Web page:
It seems fitting to remember Maria Mavuso during Passion Week. Maria went home to be with the Lord last month. She was a simple, uneducated widow who lived in desperately poor circumstances. Unlike some of the other SHBC volunteers, Maria spoke almost no English, so our previous mission teams weren't able to learn much of Maria's story. It turns out that she, like other SHBC volunteers, also had AIDS. We can only speculate about how she acquired the disease, but a likely scenario is that her husband, as is often the case with Swazi men, had multiple sex partners and brought AIDS home to Maria (and possibly other wives).
If I were in Maria's situation, I would probably stay home in bed, immobilized and victimized, allowing my family and friends to care for me. But Maria didn't allow her poverty, lack or education or AIDS to keep her from serving others. Every morning Maria got up, walked miles to collect firewood and water, then started a fire and cooked for hours so the Dwaleni orphans could have a nutritious mid-day meal. And in addition to these community orphans, Maria went to her simple home every evening and cared for two more children who had been orphaned by AIDS.
This Easter, as you think about the challenges you face which might be preventing you from living sacrificially, consider Maria and the sacrifices she made in spite of her desperate situation. When I think about Maria and the way she she lived, "being Jesus", she encourages me to do more of the same.
In the late 4th or early 5th century, Patrick was growing up in an aristocratic family in what is now northeast England. At about the age of 16 he was captured by Celtic pirates from Ireland and sold into slavery. For about the next six years Patrick was a cattle herder for a prosperous tribal chief. During these years Patrick experienced three profound changes. First, during days in solitude in the beautiful wilderness he encountered God and became a man of prayer. Second, he developed a keen understanding of the Celtic peoples. Third, he came to love his captors and developed a deep hope that they would have reconciliation with God.
One night, after six years of captivity, a voice spoke to Patrick in a dream saying, “You are going home. Look! Your ship is ready.” The voice directed him to flee for his freedom the next morning. He awakened before daybreak, walked to a seacoast, saw athe ship, and negotiated his way on board.
"At the central railway station in Madras, India, lay a beggar woman more pitiful than the others I saw there. She had positioned herself alongside the stream of passengers hurrying to catch their trains. Businessmen with briefcases passed by her, as did wealthy tourists and government officials.
Like many Indian beggars, the woman was emaciated, with sunken cheeks and eyes and bony limbs. But, paradoxically, a huge mass of plump skin, round and sleek like a sausage, was growing from her side. It lay beside her like a formless baby, connected to her by a broad bridge of skin. The woman had exposed her flank with its grotesque deformity to give her an advantage in the rivalry for pity. Though I only saw her briefly, I felt sure that the growth was a lipoma, a tumor of fat cells. It was part of her and yet not, as if some surgeon had carved a hunk of fat out of a three hundred pound person, wrapped in in live skin, and deftly sewed it on this woman. She was starving; she feebly held up a spidery hand for alms. But her tumor was thriving, nearly equaling the weight of the rest of her body. It gleamed in the sun, exuding health, sucking lie from her."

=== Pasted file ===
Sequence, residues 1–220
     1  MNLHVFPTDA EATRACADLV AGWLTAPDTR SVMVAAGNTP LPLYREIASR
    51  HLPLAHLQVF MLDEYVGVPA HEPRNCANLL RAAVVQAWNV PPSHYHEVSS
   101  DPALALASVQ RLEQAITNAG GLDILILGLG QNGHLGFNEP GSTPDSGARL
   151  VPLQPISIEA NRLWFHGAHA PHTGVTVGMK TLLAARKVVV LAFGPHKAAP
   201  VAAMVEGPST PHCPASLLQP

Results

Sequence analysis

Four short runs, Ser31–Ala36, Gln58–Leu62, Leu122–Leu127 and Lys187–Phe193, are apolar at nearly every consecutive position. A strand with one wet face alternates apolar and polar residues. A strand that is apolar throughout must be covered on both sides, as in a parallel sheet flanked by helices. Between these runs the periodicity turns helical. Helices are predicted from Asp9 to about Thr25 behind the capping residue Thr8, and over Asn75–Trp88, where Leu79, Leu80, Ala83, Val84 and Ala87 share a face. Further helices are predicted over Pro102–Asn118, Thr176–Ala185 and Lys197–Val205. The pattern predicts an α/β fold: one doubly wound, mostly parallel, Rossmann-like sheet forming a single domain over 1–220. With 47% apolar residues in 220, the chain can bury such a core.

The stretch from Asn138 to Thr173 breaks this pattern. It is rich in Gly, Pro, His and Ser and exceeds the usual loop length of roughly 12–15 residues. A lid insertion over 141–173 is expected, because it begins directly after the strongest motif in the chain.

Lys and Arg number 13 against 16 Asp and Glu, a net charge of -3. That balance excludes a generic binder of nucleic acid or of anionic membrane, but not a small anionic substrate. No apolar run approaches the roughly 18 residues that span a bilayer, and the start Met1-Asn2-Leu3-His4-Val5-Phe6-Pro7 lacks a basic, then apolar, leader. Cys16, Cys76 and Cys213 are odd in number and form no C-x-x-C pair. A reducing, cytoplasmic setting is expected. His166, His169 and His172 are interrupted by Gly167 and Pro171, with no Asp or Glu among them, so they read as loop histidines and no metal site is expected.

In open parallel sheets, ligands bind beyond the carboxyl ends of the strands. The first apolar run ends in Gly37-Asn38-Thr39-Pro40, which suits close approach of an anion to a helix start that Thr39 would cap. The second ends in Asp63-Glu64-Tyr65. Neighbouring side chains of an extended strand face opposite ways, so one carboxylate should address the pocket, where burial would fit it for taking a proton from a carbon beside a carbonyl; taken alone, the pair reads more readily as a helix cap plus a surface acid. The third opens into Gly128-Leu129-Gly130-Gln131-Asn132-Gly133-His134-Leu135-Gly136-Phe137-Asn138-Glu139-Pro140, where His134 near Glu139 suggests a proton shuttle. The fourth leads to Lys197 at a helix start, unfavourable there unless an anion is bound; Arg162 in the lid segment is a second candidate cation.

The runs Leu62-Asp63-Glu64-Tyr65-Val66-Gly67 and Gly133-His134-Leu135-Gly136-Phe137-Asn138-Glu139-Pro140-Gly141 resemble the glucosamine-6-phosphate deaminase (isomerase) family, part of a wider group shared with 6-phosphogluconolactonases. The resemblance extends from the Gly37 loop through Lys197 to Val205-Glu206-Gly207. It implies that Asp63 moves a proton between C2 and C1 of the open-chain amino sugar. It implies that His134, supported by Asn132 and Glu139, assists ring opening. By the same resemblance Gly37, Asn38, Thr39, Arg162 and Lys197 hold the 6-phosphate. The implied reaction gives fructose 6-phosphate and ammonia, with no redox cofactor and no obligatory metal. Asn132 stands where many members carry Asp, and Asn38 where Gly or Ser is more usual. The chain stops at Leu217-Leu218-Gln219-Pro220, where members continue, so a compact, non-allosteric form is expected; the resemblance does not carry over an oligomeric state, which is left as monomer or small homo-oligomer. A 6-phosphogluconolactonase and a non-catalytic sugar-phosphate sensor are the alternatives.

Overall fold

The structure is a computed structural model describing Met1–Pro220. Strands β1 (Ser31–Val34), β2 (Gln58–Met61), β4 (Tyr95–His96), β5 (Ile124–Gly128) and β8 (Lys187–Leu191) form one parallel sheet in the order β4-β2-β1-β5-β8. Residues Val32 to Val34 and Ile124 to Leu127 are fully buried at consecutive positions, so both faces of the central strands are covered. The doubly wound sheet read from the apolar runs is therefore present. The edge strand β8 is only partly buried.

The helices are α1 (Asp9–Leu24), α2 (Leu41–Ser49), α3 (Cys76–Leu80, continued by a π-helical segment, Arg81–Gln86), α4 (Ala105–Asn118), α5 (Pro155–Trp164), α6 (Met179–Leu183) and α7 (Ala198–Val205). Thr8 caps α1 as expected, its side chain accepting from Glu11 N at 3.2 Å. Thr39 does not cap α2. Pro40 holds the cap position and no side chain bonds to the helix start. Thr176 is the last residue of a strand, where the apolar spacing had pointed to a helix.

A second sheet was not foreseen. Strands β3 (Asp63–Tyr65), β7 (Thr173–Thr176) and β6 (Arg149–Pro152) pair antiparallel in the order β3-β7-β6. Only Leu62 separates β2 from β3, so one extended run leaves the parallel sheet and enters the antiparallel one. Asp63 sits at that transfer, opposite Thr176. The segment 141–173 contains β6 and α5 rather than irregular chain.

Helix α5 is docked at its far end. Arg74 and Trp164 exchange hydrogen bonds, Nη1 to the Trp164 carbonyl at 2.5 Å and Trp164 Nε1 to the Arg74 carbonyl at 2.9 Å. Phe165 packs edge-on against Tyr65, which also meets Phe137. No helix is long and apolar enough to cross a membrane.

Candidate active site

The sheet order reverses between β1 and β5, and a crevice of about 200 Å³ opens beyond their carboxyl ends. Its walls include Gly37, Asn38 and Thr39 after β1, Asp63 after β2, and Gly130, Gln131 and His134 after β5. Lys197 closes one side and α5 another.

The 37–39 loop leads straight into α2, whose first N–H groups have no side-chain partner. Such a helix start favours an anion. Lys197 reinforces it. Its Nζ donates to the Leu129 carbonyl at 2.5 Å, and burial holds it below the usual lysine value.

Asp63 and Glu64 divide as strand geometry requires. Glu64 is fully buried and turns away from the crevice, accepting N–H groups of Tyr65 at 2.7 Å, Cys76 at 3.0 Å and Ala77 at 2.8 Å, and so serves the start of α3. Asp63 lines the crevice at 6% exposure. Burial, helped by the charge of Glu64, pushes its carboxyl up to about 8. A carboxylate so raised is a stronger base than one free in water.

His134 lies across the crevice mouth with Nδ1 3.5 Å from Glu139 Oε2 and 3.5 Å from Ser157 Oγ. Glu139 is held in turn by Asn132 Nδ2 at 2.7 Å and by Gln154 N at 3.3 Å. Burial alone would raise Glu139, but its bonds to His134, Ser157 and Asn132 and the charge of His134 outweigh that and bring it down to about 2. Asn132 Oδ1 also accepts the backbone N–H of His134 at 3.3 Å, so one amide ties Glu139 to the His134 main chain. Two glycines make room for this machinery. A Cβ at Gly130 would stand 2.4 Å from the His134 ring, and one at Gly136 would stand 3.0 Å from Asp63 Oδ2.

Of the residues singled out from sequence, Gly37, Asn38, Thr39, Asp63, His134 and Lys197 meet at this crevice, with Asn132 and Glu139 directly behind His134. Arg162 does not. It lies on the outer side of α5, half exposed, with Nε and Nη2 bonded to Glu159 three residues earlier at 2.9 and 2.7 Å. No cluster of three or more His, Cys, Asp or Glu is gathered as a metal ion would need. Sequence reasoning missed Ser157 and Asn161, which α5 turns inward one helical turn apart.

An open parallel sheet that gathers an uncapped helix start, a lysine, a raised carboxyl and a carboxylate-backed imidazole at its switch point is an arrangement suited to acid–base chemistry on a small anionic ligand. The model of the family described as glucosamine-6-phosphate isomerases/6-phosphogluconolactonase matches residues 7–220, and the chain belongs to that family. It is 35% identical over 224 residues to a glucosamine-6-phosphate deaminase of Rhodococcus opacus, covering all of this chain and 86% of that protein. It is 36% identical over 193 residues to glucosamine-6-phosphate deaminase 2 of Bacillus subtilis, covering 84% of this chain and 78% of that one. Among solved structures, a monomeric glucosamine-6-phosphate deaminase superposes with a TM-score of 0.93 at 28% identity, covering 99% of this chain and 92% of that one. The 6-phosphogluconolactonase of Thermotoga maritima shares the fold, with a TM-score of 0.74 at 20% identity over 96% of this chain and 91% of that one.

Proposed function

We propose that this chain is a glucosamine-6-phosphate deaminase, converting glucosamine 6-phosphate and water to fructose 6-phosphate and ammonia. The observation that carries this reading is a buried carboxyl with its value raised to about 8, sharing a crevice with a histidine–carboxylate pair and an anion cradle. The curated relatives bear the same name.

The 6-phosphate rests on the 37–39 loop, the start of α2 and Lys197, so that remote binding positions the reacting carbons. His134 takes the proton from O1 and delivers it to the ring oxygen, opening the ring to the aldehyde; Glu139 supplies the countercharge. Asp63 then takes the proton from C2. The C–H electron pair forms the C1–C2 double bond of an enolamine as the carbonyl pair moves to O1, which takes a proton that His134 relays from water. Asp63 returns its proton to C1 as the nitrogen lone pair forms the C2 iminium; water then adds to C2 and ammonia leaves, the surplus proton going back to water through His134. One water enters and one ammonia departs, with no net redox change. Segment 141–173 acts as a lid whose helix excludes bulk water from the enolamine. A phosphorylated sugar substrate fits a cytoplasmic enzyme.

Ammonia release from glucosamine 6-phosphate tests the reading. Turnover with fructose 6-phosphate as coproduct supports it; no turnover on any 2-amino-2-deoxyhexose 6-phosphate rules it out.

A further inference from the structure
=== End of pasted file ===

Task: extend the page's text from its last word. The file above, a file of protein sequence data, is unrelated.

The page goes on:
On December 11th, 1964, Martin Luther King addressed the Norwegian parliament in Oslo Norway in his Nobel lecture entitled "The Quest for Peace and Justice." On this day in America, as we celebrate the life and legacy of MLK, I share a few excerpts from this great speech, as it speaks as powerfully today as it did in 1964, about our responsibility as Christian people to the engage in the struggle of the "least of these."
"Some years ago a famous novelist died. Among his papers was found a list of suggested story plots for future stories, the most prominently underscored being this one: "A widely separated family inherits a house in which they have to live together.
"This is the great new problem of mankind. We have inherited a big house, a great 'world house' in which we have to live together - black and white, Easterners and Westerners, Gentiles and Jews, Catholics and Protestants, Moslem and Hindu, a family unduly separated in ideas, culture, and interests who, because we can never again live without each other, must learn, somehow, in this one big world, to live with each other. This means that more and more our loyalties must become ecumenical rather than sectional. We must now give an overriding loyalty to mankind as a whole in order to preserve the best in our individual societies.
"This call for a worldwide fellowship that lifts neighborly concern beyond one's tribe, race, class, and nation is in reality a call for an all-embracing and unconditional love for all men. This oft misunderstood and misinterpreted concept so readily dismissed by the Nietzsches of the world as a weak and cowardly force, has now become an absolute necessity for the survival of man. When I speak of love I am not speaking of some sentimental and weak response which is little more than emotional bosh. I am speaking of that force which all of the great religions have seen as the supreme unifying principle of life . . . .
"Let us hope that this spirit will become the order of the day . . . . "